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Fleeing the Bed Bugs

The signs weren’t obvious at first. (Or were they?) The track of little bumps across Bob’s forehead as if an ant brigade had visited in the night. Another bite here, and then there, across his forearm. His legs. His chest. Oh my God, what was happening? Had they arrived while we were sleeping? Was it spider bites? Mosquito’s munching? Or something far worse…bugs that lived in the bed. Punaises de lit as they would be called in French.

viagra for sale paypalBut it couldn’t be. No. Those things didn’t live in the “civilized” world…not in the West. Had we heard of an outbreak a few months earlier in New York? In Philly? (A distant memory, yes.) But not in France. Who would imagine that such creatures could outlast the chicness of the place, the sophistication.

It was our first night in a new apartment in Montpellier, France, after we had had to depart our home there of three weeks’ paradise for another vacationing family of much more organized ability–they having reserved that location far in advance unlike us who had merely stumbled upon it last minute.

The new apartment, owned by the same proprietor as our previous place, seemed solid and satisfactory, even if it was a bit of a stepchild–smaller, less airy, more beige. We weren’t expecting insects or infestations in any case. And since only Bob had gotten the red bumps–not me who had slept on the same mattress–surely they weren’t bed bugs.

We took a wait-and-see approach because, well, it was probably nothing (and, really, who wanted to move again to another apartment???).

Morning 1. Some bites, that’s strange.

Morning 2. Are there more bites? That’s weird. I think there are.

Morning 3. Oh shit. I found some bug carcasses on the floor that matched the photos on the Internet. Not just near our bed, but near Avery’s sleeping pad on the floor. An examination of her skin revealed two suspicious bites on her precious back and bottom.

“Not to my baby you don’t.” And with that it was decided–we were leaving.

As with every great escape, there were things taken and things lost. Our clothes came with us after being boiled at the laundromat for a life’s savings worth of Euros. Bob’s bug-bitten body came too, though it would irritate him for days with it’s itchiness.

Left behind? The congenial friendship we had made with the landlord, now broken after we strong-armed her into returning our money. A bottle of perfume I had bought for the nanny as a going away gift–forgotten in the chaos. Scores of just-purchased pantry items and food leftovers deposited in the trash since we’d be moving to a hotel without a fridge or a kitchen.

On our amazing trip overseas, it was the inevitable nadir to the zenith. Not that it was such a surprise, in a general sense anyway. There is always one day (or one week) where it all falls apart when you’re traveling, where the twinkling lights fall off of the trees like rotten berries.

But we survived. I sprayed some anti-itch cream on Bob’s war-torn body and he attempted to stop going to town with his scratching. We found an adorable little hotel outside of Montpelier in Carnon-Plage…on the beach, with a cool breeze that whirled through our room from the balcony through our open front door. We strolled by the sailboats outside our door, took afternoon dips in the sparkling pool, and walked the fishing pier at dusk.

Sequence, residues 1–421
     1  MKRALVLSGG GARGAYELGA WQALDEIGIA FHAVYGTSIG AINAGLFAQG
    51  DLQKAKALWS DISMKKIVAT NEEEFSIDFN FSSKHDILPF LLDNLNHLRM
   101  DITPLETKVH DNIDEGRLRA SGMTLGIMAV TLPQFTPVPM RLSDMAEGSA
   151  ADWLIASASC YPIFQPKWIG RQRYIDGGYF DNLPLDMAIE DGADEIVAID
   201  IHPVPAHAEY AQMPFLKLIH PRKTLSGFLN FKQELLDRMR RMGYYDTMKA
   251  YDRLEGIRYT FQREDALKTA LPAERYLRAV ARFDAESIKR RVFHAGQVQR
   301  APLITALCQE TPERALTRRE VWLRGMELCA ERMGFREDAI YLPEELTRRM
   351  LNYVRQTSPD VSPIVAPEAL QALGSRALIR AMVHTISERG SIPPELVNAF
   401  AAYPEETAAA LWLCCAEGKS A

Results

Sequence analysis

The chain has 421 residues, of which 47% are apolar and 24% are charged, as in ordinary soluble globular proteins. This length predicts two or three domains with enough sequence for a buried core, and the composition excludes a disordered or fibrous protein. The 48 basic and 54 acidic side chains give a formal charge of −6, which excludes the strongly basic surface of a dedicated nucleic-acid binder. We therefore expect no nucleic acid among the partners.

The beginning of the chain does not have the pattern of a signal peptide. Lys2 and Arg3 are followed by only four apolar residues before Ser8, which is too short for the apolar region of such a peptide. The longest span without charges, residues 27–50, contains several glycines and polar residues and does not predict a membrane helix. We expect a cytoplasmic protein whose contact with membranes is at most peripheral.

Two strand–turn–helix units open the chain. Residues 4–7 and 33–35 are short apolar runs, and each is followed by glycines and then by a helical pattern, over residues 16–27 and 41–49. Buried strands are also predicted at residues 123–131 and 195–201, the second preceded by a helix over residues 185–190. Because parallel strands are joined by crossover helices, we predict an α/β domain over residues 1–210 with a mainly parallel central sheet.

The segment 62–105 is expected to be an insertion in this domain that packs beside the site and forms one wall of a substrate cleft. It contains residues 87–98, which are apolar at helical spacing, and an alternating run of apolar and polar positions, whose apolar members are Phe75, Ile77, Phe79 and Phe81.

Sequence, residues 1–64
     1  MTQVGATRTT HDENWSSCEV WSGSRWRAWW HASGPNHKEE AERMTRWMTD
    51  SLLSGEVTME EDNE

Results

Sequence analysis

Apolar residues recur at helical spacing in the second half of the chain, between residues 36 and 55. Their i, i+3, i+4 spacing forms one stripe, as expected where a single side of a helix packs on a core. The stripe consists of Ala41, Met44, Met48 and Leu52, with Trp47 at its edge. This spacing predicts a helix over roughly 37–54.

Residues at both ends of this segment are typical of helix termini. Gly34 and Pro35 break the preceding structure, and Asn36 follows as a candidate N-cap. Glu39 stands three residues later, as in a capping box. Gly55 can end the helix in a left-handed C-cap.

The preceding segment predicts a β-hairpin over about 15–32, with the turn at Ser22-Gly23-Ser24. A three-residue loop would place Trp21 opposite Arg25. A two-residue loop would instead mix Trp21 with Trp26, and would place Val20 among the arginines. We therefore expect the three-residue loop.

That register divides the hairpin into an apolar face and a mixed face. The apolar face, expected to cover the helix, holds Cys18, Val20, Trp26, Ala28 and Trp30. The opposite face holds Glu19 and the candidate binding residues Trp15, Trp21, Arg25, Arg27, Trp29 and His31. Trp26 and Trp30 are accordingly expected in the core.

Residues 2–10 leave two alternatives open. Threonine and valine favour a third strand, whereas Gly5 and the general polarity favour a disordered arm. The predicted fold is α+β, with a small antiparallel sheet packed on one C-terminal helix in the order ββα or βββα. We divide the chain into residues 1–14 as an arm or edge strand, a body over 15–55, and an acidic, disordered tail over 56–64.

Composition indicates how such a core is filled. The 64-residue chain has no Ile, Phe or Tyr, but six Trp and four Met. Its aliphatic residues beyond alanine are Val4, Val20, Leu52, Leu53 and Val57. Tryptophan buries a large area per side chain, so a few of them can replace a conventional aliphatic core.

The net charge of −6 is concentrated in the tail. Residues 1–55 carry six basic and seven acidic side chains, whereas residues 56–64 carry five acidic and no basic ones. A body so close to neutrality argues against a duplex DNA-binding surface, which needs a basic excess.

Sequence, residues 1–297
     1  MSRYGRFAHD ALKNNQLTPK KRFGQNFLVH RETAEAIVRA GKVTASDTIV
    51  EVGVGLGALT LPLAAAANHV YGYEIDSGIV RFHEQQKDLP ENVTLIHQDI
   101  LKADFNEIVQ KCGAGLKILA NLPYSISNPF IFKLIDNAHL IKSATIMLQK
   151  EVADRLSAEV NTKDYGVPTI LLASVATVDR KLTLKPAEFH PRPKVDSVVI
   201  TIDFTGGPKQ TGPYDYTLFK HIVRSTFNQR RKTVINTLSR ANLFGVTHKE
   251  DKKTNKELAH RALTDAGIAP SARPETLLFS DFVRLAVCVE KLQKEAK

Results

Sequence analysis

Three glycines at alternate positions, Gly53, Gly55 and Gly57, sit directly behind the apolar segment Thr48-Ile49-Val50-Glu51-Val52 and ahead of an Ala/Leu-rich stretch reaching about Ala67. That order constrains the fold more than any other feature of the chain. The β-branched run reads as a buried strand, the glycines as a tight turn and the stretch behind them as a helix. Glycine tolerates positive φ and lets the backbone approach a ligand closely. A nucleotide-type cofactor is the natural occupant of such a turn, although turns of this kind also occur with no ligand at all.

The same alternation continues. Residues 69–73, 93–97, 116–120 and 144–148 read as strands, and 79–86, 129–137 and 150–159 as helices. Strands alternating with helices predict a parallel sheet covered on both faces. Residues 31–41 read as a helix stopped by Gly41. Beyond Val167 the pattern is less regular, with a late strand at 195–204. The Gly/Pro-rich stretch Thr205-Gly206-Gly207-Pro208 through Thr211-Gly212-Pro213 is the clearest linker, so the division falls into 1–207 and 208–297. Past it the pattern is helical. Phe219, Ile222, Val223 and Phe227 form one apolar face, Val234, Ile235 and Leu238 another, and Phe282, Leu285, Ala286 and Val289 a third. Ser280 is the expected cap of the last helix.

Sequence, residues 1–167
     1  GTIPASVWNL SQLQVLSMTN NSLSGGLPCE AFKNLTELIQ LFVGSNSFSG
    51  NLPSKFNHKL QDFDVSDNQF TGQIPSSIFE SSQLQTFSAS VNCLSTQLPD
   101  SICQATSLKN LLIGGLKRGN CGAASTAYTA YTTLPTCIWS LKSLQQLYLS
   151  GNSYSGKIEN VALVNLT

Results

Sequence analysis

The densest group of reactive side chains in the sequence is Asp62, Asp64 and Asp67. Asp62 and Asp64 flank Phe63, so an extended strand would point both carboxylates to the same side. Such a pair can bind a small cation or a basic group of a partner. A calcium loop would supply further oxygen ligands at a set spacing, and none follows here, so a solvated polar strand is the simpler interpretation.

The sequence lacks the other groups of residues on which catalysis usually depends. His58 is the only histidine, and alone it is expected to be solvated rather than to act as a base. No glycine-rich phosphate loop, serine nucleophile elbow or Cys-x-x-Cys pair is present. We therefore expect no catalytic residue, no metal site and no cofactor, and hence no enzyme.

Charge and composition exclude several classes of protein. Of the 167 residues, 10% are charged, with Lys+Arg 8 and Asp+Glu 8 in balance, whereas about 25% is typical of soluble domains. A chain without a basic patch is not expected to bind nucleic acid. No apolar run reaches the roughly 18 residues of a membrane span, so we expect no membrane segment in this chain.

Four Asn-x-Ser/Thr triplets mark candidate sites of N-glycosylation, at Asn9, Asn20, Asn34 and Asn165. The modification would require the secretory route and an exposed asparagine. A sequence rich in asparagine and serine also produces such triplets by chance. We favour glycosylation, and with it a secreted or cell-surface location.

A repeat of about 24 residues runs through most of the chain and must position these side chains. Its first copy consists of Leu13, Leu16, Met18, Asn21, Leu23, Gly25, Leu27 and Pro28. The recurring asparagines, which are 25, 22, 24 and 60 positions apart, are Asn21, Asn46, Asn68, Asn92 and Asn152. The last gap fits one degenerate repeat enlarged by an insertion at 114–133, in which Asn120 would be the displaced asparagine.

And then, magic. On the fishing pier, Robert sidled up alongside a father with a basket just emptied into the sea and asked “où est le poisson?” (where is the fish?). Within moments, Robert had his own try holding the fishing line, and Bob and I stared on from our nearby perch in quiet wonder as our son spoke and didn’t speak and stood and pulled up a lawn chair alongside this French family for twenty minutes as if they were cousins.

If the punaises de lit hadn’t visited us, we’d still have been staying in a good-enough apartment in the city center rather than at the beach watching our son make himself at home–in French in France–while as it turns out, fireworks popped in the distance.

Sometimes, bed bugs are merely the price of admission.

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2 Responses to “Fleeing the Bed Bugs”

  1. Been there, done that! Yep, I can relate! I hate these little vampires. They show no mercy (as though they could). Nor shall I. My next step after identification was, what do I use to get rid of these things? That’s when I realized there were a lot of “wrong” things to use on the market. Chemicals could harm children and are dangerous to everybody. That’s when I sought and found this site. All natural ingredients in their products used to eliminate bed bugs. canadian pharmacy generic viagra online
    Good hunting and remember that we all can be the ones who transport these little beasts and it’s not a matter of hygiene.

  2. Midnight Mama 13. Aug, 2011 at 9:49 am

    Hi Mel,
    Thanks for sharing. One of my biggest concerns on our trip was how to de-bug our luggage. We had no way of knowing if the bugs had gotten into or on the suitcases but I wanted to make sure they didn’t come home with us. Having kids, I was not thrilled with the idea of spraying chemicals, but didn’t know what else to do. So, we found what appeared to be the right chemical solution (remember, I was reading everything in French!) and sprayed the heck out of our suitcases (on the outside). I left them outside on the balcony to dry for the night and then took baby wipes and wiped them down as best I could to remove the chemicals. Boy, I sure would have rather had a natural solution. That being said, I’ve heard these critters are tenacious and I would be afraid that the natural solution wouldn’t be strong enough.